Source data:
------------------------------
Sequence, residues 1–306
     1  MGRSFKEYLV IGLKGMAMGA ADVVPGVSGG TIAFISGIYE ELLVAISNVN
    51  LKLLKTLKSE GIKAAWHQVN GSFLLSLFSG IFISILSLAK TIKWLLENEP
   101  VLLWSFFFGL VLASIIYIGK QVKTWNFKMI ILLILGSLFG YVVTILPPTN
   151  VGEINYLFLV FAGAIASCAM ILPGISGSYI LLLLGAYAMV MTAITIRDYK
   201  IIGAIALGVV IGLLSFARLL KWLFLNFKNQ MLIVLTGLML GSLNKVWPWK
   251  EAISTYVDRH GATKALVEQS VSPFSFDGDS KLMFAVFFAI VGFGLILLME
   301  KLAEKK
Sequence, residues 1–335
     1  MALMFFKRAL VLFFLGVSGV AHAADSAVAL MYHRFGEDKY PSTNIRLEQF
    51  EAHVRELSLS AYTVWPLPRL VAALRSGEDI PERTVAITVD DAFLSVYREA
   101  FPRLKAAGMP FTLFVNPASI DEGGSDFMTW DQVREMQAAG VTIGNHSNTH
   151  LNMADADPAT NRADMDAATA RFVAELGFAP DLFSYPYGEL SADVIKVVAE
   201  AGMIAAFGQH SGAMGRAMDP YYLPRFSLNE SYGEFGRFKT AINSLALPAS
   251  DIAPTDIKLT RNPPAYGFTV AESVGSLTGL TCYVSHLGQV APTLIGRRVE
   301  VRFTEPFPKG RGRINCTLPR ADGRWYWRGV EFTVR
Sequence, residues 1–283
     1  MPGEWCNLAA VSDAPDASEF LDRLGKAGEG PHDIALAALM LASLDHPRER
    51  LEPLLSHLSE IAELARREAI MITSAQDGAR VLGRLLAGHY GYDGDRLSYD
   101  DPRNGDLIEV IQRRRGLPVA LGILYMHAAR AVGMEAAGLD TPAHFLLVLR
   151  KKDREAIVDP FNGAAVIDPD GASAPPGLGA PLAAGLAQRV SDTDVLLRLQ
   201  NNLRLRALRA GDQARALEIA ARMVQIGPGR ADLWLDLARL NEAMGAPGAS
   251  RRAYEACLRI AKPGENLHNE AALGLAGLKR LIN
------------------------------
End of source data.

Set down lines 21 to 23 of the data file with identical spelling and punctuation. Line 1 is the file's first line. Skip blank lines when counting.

   151  KKDREAIVDP FNGAAVIDPD GASAPPGLGA PLAAGLAQRV SDTDVLLRLQ
   201  NNLRLRALRA GDQARALEIA ARMVQIGPGR ADLWLDLARL NEAMGAPGAS
   251  RRAYEACLRI AKPGENLHNE AALGLAGLKR LIN